Conversely, the Confederacy did not have major companies or an industrial base to fall back on to supply it with gunpowder. To alleviate the situation Colonel George Washington Rains, a Confederate officer, inventor, and engineer, began overseeing the establishment of gunpowder works in the town of Augusta in the state of Georgia in the autumn of 1861. It was fully functioning by April 1862. Rains had built an enormous operation, which was the second largest gunpowder work in the world when it was finished. Spread out in many buildings and refineries over several kilometers, the Confederacy could produce upwards of three and a half tons of gunpowder per day. In total, some 2.75 million pounds of it were produced here over the next three years and the Augusta works catered for nearly all of the Confederacy’s powder needs during the American Civil War once it was up and running.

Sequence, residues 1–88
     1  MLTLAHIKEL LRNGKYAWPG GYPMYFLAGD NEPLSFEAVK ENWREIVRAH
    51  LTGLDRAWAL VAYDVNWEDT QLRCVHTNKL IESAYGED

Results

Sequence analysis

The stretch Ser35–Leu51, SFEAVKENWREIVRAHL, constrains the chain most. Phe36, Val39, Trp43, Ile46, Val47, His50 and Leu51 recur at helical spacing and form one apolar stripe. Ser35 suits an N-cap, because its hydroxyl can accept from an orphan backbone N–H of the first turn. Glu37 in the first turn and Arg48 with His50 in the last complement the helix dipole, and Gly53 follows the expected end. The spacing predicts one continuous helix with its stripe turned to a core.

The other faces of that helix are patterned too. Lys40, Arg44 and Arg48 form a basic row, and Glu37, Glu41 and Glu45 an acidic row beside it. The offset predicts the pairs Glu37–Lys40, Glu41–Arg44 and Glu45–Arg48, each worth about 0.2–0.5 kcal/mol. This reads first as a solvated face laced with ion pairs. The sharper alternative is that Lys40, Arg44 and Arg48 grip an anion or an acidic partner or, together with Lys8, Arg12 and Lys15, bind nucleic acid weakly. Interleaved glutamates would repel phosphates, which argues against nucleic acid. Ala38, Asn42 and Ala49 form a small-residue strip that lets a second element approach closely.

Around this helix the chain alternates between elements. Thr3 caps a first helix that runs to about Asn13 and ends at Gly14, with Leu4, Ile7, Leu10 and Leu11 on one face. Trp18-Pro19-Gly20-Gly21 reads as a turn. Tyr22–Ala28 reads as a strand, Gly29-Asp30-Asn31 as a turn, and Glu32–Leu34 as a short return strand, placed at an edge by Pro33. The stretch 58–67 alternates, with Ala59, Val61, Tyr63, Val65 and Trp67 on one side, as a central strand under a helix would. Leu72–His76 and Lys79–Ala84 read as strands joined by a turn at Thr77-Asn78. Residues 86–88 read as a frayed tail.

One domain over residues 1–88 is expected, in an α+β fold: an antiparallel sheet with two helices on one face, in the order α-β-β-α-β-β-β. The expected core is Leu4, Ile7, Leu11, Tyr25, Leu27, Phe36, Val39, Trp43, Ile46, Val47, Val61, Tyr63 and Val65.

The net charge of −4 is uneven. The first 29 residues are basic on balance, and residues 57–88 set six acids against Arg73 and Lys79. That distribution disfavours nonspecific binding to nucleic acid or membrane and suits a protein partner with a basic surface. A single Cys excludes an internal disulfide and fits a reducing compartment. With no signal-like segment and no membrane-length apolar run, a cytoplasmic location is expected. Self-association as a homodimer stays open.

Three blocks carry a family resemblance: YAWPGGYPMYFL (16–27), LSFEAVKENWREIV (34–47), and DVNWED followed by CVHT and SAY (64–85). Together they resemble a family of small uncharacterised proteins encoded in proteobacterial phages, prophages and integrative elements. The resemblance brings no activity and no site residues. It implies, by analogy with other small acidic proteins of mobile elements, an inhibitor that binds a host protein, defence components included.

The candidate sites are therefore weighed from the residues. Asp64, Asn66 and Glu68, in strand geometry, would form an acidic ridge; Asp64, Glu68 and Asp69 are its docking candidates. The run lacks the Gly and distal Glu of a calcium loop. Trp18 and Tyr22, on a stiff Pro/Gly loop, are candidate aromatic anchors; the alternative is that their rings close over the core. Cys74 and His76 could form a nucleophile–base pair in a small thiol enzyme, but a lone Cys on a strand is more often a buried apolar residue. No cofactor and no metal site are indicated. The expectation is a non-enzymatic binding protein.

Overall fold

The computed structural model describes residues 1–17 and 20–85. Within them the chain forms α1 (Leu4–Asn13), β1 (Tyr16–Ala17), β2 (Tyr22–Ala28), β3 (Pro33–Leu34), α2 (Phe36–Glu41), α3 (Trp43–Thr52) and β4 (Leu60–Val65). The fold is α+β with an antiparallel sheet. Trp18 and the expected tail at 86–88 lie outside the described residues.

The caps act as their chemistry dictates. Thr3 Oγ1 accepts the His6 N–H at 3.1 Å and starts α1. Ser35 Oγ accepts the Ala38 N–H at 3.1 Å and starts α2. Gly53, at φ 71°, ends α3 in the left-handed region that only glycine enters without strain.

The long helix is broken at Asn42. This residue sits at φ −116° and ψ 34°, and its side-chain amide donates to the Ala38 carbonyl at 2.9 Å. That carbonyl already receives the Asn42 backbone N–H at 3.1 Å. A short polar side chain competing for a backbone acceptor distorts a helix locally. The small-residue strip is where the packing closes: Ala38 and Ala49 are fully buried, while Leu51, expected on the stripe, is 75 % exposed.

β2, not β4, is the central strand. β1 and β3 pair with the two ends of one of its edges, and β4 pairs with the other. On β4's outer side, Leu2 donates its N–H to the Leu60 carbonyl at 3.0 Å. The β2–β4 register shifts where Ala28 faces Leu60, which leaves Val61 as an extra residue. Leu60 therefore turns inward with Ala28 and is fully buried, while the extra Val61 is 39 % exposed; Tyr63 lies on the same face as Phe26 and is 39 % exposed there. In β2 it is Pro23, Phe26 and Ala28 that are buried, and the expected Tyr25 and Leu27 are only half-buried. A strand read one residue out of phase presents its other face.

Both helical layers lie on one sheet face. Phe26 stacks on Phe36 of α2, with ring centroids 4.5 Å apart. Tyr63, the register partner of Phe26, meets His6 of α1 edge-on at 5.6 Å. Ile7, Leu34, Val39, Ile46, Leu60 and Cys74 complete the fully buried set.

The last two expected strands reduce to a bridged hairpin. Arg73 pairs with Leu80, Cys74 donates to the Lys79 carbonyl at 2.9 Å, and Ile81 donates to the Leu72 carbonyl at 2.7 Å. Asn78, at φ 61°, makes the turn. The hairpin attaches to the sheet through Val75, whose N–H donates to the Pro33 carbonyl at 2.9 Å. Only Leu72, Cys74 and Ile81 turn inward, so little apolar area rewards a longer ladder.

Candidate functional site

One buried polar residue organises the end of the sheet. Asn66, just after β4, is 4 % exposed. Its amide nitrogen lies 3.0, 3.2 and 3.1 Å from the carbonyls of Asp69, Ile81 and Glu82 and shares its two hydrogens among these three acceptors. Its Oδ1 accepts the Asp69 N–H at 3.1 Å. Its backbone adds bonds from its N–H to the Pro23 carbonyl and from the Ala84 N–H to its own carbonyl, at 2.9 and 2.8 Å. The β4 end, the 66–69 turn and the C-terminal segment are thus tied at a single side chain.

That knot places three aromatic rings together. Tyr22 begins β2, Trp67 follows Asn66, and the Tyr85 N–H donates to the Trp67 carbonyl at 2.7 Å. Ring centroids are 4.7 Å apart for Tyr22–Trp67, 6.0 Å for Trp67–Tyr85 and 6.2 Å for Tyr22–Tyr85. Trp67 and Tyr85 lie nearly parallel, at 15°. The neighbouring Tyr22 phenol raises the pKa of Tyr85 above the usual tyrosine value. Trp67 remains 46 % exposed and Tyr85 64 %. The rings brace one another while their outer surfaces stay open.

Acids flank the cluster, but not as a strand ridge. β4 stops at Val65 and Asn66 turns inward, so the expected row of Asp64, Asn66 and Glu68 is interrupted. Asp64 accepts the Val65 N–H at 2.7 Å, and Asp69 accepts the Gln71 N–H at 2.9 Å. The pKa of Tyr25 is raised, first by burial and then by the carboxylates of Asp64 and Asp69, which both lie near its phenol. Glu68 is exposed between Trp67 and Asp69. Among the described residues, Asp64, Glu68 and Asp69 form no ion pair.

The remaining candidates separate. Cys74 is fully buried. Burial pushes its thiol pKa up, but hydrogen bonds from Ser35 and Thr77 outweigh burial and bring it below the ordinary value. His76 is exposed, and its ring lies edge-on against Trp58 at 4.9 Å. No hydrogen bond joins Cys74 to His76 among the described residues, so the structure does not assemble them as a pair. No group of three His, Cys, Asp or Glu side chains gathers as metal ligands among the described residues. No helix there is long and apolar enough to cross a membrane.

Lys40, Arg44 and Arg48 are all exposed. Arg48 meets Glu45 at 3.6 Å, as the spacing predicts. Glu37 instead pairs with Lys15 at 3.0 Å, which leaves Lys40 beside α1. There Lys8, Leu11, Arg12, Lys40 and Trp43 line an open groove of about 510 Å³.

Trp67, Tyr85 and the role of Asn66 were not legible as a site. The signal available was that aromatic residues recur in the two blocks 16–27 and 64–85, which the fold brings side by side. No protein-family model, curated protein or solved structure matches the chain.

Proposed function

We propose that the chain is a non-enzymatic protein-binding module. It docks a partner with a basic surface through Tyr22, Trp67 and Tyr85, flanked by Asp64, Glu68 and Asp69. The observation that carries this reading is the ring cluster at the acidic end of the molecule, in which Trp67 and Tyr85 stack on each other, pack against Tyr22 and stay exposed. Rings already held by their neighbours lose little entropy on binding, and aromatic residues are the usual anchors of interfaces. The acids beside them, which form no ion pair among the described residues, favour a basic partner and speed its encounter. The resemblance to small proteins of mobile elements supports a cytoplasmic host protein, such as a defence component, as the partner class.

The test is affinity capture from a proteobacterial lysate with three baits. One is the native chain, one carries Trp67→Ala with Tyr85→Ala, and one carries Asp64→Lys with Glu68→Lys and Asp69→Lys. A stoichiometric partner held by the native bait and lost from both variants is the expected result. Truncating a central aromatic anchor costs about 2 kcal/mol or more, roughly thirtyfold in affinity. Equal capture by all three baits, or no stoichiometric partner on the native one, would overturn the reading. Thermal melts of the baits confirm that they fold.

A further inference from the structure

Explosive Bullets

One brutal type of American Civil War bullets that were used were the so-called explosive bullets. These were first manufactured by the Union, but once the Confederates got wind of the new bullet type, they began using them too. Ordnance records of the time indicate that tens of thousands of these bullets were issued every year in the war, and they were not a novelty but fairly widely used. For instance, the great Union general and future US President, Ulysses S. Grant, noted in his memoirs that the Confederates used explosive bullets widely in the defense of Vicksburg in Mississippi in the summer of 1863. The explosive bullets were relatively conventional bullet types, except they were fitted with an extra tube of powder that was designed to explode when the bullet made an impact.